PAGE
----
Messages about - warning, fleeing, running away, skating etc. crossed my path constantly. I had to ignore them, because no human advice would make me leave my wife and family. Just because they thought differently to me, did not give me an excuse for leaving them.

 

At times I was confused about was the contradiction in the messages I perceived: On one hand I felt I was being warned (so I must have been taken seriously by someone); on the other hand, nobody ever tried to tell my wife that there may be some truth in what I was saying or doing. I’m sure she would have taken a clear statement by one of our pastors or Christian friends seriously enough to start thinking.

 

Isn’t it just like us believers? Those who confess to believe in Jesus may express zealously: “Lord I would die for you!” Easy to say in the free West; we don’t have to literally lay down our lives for Him. One of Jesus’ closest followers, Peter, announced just that: “I will die for you Lord”. Moments later he was too embarrassed to even say that he knew Jesus. How about a small sacrifice first - an hour a day on your knees in humble adoration and thanksgiving?

 

I am reminded of my Christian experience as a teenager. After listening to faith lifting sermons, I felt I could save the world from eternal hell. The next morning it was a different story. To mention God in a conversation or anything spiritual was taboo in our office. The subject of Jesus, Church or God was never spoken of. What happened to the zeal and passion from the night before? We had gone too far in the other direction – silence. Later I found out fellow staff members were also church goers. Were they as embarrassed as I was to talk openly about their faith? How silly was that!

 

I don’t know a Christian, who finds it easy to start preaching at people, while standing in a queue at the supermarket. But what if I don’t save those poor souls from eternal damnation, who will, correct? Don’t kid yourself and die of guilt feelings? God wants you to be a witness for HIM, but the whole suburb is not on your shoulder. Never be plagued by guilt only because you had no opportunity to fly the flag. I remember this depressing feeling, how silly, how disheartening. I believe it stemmed from unrealistic expectations, possible the result of fire and brimstone sermons.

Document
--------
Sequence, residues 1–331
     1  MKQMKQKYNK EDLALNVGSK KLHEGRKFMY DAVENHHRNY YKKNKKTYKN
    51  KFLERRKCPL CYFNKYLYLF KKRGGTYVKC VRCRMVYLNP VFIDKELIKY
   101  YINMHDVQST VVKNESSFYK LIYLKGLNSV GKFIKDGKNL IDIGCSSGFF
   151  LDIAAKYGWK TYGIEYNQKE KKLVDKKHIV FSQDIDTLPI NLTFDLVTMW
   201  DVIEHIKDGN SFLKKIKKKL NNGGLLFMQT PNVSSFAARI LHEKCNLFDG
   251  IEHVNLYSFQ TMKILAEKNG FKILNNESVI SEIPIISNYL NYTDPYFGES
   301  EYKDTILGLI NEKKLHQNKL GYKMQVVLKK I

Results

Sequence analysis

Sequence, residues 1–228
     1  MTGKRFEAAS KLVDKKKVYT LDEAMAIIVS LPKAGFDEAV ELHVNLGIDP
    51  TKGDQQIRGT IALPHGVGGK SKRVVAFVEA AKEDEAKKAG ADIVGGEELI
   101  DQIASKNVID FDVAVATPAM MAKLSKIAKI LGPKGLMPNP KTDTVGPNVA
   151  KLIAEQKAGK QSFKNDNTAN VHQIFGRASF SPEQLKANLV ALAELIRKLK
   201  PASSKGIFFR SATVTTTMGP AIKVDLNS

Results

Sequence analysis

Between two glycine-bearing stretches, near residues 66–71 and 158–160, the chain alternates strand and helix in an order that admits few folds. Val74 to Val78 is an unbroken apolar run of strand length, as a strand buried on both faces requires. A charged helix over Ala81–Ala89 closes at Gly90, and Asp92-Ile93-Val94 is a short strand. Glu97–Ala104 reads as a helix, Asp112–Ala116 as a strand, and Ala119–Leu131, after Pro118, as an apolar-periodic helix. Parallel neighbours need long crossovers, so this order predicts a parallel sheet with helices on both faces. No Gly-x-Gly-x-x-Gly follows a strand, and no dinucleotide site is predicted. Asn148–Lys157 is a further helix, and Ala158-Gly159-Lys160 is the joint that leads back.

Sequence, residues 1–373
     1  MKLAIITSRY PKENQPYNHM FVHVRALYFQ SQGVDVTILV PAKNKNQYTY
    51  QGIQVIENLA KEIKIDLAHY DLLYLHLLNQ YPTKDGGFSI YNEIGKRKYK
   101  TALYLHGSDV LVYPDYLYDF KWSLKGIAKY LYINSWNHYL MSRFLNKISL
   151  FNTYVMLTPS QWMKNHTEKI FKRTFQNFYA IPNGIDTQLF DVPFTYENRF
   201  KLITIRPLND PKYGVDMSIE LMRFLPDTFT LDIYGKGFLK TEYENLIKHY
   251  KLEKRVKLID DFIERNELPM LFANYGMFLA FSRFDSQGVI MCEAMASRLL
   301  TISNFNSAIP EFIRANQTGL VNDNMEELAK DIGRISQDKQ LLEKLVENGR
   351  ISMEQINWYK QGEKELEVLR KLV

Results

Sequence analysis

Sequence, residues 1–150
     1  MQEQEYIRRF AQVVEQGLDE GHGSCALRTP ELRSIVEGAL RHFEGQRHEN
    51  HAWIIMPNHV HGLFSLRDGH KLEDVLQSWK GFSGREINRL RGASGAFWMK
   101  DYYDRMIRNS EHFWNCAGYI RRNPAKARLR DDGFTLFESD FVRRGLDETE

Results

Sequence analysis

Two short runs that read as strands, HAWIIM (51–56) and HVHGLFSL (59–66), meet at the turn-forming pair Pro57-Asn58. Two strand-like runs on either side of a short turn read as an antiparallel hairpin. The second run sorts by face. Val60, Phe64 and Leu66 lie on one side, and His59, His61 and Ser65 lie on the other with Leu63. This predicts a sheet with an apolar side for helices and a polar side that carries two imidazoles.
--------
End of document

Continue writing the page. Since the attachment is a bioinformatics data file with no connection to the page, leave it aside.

Where do you start when trying to be a witness? Don’t try – be! Passing on the Good News has been ineffective to a large extent, because we Christians didn’t know how to simply relax and let HIM shine through us. It is not about us. It’s all about HIM.

 

Books are written on this subject and do read a good one, to learn how to be a witness. But please, lay the foundation first. If your desire is genuine to be HIS servant, forget the technicalities and get on your knees and tell God your innermost desire. Trust HIM that HE will lead and guide you. Your fruit will come. Prayer is nothing but expressing your most secret inner wishes and desires.

 

Never feel guilty that you have not met a specific target as to how many people have heard your message. It’s not about you. It’s not about your achievement. It’s about HIS will in your life. HE does not want your labour, HE wants your affection.  

 

Many times after the phone had rung and Isobel spoke to one of our Christian friends I wondered, when will anyone ever ‘witness’ to her about me? Tell her that, perhaps, I am not all wrong, all confused in my writing? Change her from a total unbeliever into a doubter, a seeker? I had tried to open her mind by being more loving. Love will win in the end.  

 

The sign outside our church at Enfield says it all: The greatest force on earth – God’s love.

 

Something beautiful, something good,

all my confusion, he understood.

All I had to offer HIM was brokenness and strife,

but HE made something beautiful out of my life.

 

Chapter 15